Counselor

Understand Young Buyers

Communicating with – and selling to – millennials can be a huge challenge. Here’s how to break the code.

Having trouble deciphering the language and behavior code of Generation Y? You’re not alone. Clearly, there’s a unique dynamic at play, especially with millennials who make purchasing decisions. “They want you to share ideas with them,” says consultant Cam Marston, “but it generally can’t involve meetings or in-person appointments.”

Marti Tarmichael, a senior account manager for Summit Group (asi/339116) in Bloomingdale, IL, sees this frequently firsthand. “So much of our communication is email, because trying to get in front of the few decision-makers is hard,” she says. “They are very wary of being sold – even with relationships that are under contract, sometimes there is still a perception of, ‘you’re trying to push something on me.’”

As a result, Tarmichael starts a project by sending several ideas from different categories via email. “The more options I give up front, the faster I figure out the direction they want and can start developing other elements like packaging,” she says. “But I do include in that initial presentation the packaging and wider concepts for a few of the products, because it’s tough to get into a room to explain that we’re partners and we should talk this through.”

One email presentation tactic that Marston suggests: Embedding a video where you can display several product and packaging ideas from all angles. Besides being more enlightening than photos, brief videos have currency with the under-35 crowd – and a video could serve to build a bit of personal connection with the buyer.

Some of young buyers’ skepticism in dealing with reps stems from their own ability to research product and apparel possibilities online and compare those prices to a distributor’s quotes. But to drive home the value of her consultative services, Tarmichael reiterates in every email or phone conversation exactly how the added elements will make the program more meaningful to recipients, and how she’ll ensure the decorating and shipping tasks go seamlessly. “This process is definitely labor intensive, but we have to overcome their hesitations,” she says.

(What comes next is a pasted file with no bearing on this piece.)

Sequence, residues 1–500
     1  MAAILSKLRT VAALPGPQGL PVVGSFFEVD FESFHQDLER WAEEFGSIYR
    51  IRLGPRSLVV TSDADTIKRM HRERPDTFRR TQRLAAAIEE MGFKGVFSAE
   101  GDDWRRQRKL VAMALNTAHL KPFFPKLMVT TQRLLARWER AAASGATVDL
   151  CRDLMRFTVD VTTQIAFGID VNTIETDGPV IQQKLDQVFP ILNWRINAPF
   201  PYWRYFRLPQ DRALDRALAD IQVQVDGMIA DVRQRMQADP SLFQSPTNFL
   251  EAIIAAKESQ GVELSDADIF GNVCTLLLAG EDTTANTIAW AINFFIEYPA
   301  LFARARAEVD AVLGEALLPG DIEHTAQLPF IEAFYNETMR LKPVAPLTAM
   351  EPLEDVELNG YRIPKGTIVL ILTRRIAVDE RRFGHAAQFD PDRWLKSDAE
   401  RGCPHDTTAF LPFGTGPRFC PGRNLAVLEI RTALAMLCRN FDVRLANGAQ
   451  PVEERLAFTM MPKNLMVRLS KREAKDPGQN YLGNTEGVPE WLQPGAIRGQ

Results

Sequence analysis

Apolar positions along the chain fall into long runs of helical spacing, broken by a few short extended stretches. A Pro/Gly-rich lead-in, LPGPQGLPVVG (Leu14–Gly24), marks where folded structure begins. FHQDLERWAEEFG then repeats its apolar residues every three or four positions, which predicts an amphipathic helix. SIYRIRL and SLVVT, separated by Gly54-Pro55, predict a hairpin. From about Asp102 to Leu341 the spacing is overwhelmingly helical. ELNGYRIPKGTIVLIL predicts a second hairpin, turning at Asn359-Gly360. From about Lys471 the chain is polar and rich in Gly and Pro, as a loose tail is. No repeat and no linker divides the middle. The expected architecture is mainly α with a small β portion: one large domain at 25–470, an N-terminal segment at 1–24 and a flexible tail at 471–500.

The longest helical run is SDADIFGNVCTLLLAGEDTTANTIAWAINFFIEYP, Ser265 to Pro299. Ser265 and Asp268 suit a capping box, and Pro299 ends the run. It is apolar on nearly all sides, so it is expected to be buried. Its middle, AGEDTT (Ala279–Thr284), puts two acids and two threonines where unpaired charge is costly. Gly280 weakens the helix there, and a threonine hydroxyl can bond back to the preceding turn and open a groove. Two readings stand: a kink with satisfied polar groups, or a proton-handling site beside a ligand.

Ryan Small, a Gen Xer who’s president of Blue Dog Merch in Nashville, notes that most of his accounts with younger buyers are strongly tech-based relationships. In fact, he encourages his clients to use the internet to research items at the start of a project. “If you refer them to a user-friendly website – something that’s mobile-enabled or has responsive design that adapts its look to whichever device they’re using – they are happy to do that,” he says. “Many of them come to us with retail options they know they could not find on their own in the promotional world. They’re counting on us to find something similar that works.”

Once Small finds the right items, he uses technology to customize them and maximize the client’s interest. “We see a higher closing rate when we apply their logo to a product in a virtual way,” Small says. “So we’re able to maintain the relationship and the value proposition of using our firm versus them trying to go online and do all the work themselves.”

Even with their preference for technology platforms, millennials find product samples to be a central part of their buying process. “They want to touch and feel things to get a measure of quality,” Small says.